He was evacuated from the camp on Jan. 18, 1945, as Russian troops approached. It was on a forced march between camps a few weeks before the war ended that he and two other prisoners escaped.

Remaining in Germany immediately after the war, Mr. Michel covered the Nuremberg war crime trials for a German news agency. He insisted on the byline “Special Correspondent Ernst Michel, Auschwitz No. 104995,” the number that was branded on an arm. He sat not far from the defendants.

“There were times when I wanted nothing more than to jump up and grab them all by the throat,” he said.

End quote

Only one more quote from this news article, I am [literally] finished:

Begin quote

One day, a lawyer for Hermann Göring, the Luftwaffe commander and the founder of the Gestapo, said that Göring wanted to meet the correspondent who was a former concentration camp inmate.

“So we went to Göring’s cell and the door opened,” Mr. Michel recalled. “Göring smiled, came up to me and wanted to shake my hand. At that moment I suddenly froze. I couldn’t move. I looked at his hand, his face, and then his hand again — and then just turned round. I couldn’t do it. I just couldn’t speak to this man. Not one single word.”

End quote

 

12 Comments »

  1. Just a bit about the writing:

    “There might be some young people reading this, who do not know the meaning of the word penmanship, so I will attempt to explain it.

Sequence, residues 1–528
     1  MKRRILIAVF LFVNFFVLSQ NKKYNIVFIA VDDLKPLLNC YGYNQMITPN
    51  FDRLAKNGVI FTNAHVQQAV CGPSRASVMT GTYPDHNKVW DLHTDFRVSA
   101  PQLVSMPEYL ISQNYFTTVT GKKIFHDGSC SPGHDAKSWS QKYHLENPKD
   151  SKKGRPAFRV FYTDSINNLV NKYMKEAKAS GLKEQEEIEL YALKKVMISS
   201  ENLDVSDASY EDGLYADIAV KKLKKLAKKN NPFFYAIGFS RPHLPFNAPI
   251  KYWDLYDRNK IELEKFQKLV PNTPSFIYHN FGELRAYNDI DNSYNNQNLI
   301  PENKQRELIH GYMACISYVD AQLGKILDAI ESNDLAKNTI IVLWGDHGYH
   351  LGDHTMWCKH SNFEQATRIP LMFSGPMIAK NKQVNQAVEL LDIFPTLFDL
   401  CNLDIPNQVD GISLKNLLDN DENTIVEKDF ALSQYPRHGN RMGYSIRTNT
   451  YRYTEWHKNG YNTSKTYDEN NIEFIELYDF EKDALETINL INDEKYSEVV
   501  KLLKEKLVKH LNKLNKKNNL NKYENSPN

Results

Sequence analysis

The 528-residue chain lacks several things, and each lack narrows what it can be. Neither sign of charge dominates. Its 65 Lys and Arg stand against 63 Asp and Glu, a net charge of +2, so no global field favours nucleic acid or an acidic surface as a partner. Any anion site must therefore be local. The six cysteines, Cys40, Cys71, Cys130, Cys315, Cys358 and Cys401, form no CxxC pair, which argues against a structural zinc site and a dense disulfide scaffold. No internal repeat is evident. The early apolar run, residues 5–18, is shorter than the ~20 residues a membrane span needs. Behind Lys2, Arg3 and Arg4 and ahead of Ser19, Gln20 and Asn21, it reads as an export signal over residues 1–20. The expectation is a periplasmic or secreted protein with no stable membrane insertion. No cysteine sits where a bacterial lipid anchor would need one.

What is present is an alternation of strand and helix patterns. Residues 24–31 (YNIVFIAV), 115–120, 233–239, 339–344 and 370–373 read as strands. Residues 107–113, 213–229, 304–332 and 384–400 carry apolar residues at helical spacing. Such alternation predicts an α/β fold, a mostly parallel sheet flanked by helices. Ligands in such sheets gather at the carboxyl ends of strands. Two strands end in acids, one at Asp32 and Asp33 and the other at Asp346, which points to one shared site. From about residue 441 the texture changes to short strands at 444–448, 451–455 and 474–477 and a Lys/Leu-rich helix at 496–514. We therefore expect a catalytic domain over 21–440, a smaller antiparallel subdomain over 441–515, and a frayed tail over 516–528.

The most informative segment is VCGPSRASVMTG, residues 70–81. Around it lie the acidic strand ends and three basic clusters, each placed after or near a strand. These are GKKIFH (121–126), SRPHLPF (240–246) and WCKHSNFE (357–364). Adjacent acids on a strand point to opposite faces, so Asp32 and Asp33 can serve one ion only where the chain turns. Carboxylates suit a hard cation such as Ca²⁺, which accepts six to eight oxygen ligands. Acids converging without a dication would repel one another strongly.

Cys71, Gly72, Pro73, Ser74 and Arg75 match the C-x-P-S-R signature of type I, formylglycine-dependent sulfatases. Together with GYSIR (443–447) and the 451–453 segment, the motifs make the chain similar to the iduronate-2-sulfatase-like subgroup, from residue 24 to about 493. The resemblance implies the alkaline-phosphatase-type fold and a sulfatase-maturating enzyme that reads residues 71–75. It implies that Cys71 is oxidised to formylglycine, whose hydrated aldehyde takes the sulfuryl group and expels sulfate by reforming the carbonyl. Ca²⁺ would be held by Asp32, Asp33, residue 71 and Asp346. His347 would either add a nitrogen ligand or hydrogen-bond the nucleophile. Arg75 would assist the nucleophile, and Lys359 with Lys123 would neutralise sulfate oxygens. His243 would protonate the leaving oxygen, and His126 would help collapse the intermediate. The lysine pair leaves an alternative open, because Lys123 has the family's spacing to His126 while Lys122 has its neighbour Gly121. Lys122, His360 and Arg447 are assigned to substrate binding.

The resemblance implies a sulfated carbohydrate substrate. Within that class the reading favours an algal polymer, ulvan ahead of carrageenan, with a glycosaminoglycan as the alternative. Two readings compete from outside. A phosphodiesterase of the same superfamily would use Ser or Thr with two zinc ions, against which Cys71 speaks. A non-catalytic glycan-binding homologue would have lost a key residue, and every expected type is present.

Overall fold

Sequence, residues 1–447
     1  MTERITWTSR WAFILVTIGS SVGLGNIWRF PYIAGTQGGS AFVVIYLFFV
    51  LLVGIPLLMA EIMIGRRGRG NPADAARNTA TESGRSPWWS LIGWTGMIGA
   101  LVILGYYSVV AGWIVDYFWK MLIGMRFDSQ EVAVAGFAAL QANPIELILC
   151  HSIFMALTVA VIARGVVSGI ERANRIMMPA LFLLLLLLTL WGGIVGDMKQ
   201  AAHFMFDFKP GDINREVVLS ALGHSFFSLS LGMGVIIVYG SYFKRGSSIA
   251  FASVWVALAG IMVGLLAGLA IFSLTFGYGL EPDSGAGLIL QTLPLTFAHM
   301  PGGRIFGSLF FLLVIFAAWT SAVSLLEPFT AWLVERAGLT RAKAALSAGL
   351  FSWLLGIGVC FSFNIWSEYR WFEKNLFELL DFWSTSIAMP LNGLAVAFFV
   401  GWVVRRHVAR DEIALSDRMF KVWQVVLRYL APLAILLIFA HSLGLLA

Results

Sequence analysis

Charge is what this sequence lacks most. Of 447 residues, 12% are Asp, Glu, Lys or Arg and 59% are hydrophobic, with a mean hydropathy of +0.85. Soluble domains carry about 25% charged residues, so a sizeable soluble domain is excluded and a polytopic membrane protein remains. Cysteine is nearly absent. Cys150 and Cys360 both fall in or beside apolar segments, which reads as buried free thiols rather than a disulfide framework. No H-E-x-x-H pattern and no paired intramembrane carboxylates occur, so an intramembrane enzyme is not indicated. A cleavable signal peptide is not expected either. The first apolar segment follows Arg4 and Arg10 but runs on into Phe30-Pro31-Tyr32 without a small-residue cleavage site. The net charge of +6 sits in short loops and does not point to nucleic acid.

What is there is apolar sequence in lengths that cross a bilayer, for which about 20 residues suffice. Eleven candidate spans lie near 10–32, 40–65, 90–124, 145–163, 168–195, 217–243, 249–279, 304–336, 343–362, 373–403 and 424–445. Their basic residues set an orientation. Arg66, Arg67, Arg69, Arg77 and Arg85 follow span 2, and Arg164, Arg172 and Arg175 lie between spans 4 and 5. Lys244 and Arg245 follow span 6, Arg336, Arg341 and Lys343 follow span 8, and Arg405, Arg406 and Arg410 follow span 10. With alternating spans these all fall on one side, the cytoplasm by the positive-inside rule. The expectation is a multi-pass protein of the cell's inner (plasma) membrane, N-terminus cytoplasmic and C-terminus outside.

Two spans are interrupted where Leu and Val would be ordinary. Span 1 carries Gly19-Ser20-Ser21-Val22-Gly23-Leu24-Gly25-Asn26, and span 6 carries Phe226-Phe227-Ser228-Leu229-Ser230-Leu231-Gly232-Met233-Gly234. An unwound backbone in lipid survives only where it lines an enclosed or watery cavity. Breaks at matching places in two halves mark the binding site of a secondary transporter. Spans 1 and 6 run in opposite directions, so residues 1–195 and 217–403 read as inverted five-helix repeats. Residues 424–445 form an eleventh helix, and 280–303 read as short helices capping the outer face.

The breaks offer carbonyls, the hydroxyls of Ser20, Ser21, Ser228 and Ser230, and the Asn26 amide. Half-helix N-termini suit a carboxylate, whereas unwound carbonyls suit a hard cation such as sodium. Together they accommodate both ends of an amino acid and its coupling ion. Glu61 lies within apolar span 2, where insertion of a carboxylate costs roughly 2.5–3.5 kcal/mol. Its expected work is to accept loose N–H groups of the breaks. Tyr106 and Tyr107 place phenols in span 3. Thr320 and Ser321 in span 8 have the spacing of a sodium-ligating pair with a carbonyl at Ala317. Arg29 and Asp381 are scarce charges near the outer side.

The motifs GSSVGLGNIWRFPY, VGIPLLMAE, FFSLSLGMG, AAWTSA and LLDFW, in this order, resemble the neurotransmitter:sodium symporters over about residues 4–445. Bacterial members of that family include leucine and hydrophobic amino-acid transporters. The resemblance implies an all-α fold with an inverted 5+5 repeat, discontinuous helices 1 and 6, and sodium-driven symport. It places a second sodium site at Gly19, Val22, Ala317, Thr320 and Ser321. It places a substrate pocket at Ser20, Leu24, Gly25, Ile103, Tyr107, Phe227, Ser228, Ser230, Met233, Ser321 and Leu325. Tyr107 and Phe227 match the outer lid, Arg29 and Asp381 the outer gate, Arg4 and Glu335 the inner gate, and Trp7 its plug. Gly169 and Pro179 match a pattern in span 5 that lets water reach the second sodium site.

Back in the olden days, when your great-grandfather was in grammar school, students used to write in cursive handwriting with a fountain pen, or a pencil, on a piece of paper that had 3 lines on it to indicate where the top and the bottom of a cursive letter should go.”

    A fountain pen! I think I got one when I was 16 or so. We used a ‘penholder’ and a nib, called crown nib. In the school desks there were ink wells that were filled every few days by the school concierge. So after writing a word you dipped your nib in the ink and wrote the next word.

    I doubt very much that a certificate was in cursive script. Wouldn’t it be in Gothic script?
    And I don’t believe a word of his stories. There is the omnipresent Mengele again. Don’t make me laugh. Dr Mengele seems to have met all of these so called survivors.

    Comment by Dr Kim — May 16, 2016 @ 2:58 am

    • Dr. Mengele was everywhere he must have been a busy guy who probably never slept if you listen to most Holohucksters give their cry me a river survival stories they all met Mengele even in the camps he wasn’t in…. I guess he was omnipresent more important than God.

      JR

      Comment by jrizoli — May 16, 2016 @ 7:05 am

      • You wrote: “Dr. Mengele was everywhere he must have been a busy guy who probably never slept…”

        One of my very first blog posts was about Dr. Mengele:
        https://furtherglory.wordpress.com/2010/11/30/dr-josef-mengele-dont-it-make-my-brown-eyes-blue/

        My personal opinion is that Dr. Mengele was a nice guy who was loved by everyone, so he had to be demonized by the Jews.

        Comment by furtherglory — May 16, 2016 @ 10:04 am

        • I agree about Dr. Mengele he was probably one of the best doctors they are trying to help everybody out and everybody knew of him so when it comes time to put the blame on somebody they had to put the blame on somebody they knew well so Dr. Mengele got the call for that, lucky him…
          Of course the Jews with all the stories have made him out to be Dr. Frankenstein because they had to have a bad guy in their horror Disneyland story and since there were no bad guys they had to take a good guy to make a bad guy out of him.

          JR

          Comment by jrizoli — May 16, 2016 @ 11:14 am